• Lastly, we have a piece of kit that you seriously should have bought by now. You don't want a blackout or brownout to take your data or hardware with it, and for that purpose you'll want the CyberPower CP1000AVRLCD UPS. This unit's 1000-VA of capacity and 600-W output  should be plenty to power nearly any build and its associated peripherals for a good long while. Additional niceties include an LCD display, AVR, and a three-year warranty. This juice pack can be obtained from Newegg for $84.95 with the promo code EMCPWPS56.

That's all for today, folks! There's a chance you're looking for something we haven't covered. If that's the case, you can help The Tech Report by using the following referral links when you're out shopping: not only do we have a partnership with Newegg and Amazon, but we also work with Best Buy, Adorama, RakutenWalmart, and Sam's Club. For more specific needs, you can also shop with our links at Das Keyboard's shop.

Comments closed
    • djayjp
    • 1 year ago

    IPS is actually bad. You want VA. The whole idea with HDR is to have a wide contrast ratio.

      • Chrispy_
      • 1 year ago

      Yep.

      IPS zealots will continue to rave about better colour accuracy and viewing angles, but that’s a outdated viewpoint that ignores heavy investment in VA technology by both Samsung and AUO over the last half decade.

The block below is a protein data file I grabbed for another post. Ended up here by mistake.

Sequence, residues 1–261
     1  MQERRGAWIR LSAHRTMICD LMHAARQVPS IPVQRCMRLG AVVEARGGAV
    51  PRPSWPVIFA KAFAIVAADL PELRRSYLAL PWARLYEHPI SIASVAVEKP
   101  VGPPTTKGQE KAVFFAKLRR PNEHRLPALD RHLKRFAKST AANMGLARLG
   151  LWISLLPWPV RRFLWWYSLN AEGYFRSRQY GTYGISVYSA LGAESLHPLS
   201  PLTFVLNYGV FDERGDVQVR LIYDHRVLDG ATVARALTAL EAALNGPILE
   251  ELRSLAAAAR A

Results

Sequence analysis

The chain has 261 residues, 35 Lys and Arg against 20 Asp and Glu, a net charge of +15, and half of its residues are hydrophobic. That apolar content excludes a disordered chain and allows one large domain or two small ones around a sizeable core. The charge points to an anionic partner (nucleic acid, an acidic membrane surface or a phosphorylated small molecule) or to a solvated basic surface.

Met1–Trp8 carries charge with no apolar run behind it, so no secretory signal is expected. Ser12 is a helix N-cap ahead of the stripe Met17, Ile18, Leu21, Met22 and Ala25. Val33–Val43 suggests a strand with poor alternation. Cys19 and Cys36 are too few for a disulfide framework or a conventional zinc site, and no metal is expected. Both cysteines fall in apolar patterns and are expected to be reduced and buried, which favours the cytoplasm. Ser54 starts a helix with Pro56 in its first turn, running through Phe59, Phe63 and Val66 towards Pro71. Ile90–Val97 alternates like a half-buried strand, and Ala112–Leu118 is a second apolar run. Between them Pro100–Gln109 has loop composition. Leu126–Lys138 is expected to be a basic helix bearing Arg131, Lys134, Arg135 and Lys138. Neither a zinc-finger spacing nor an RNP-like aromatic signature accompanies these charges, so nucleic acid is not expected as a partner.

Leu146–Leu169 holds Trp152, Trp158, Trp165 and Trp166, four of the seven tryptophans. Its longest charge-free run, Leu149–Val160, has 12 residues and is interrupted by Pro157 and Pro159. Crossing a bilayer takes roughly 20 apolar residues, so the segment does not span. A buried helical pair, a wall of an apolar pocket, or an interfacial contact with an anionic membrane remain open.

Many VA panels now offer competitive viewing angles, colour accuracy, and response times whilst offering major advantages over IPS in terms of static contrast, corner-glow, panel uniformity, backlight bleed, curvature, and refresh rates.

      I believe that the very best IPS panel on the market is probably better than the very best VA panel on the market, so I’m not in denial; It’s simply expensive and difficult to make a good IPS panel because extra polarising filters are required to eliminate corner-glow, and these come at a cost to brightness and thus static contrast ratio. Even the slightest bit of uneven pressure on an IPS panel during assembly results in a visible flaw, and ‘curved’ IPS panels without uniformity and backlight issues are practically nonexistent.

      By comparison, VA is extremely tolerant of being bent and warped. A cheap VA panel can have almost zero backlight bleed and even edge-lit VA panels can produce better uniformity than the majority of the IPS monitors on the market. The vast majority of the market is in affordable monitors, so for the vast majority of people a VA monitor will be significantly better than an IPS monitor.

        • djayjp
        • 1 year ago

        Though the very best IPS still won’t be able to match the very best VA panel in terms of contrast ratio. Actually I bet the very best IPS can’t even match a budget VA panel for contrast.

          • Chrispy_
          • 1 year ago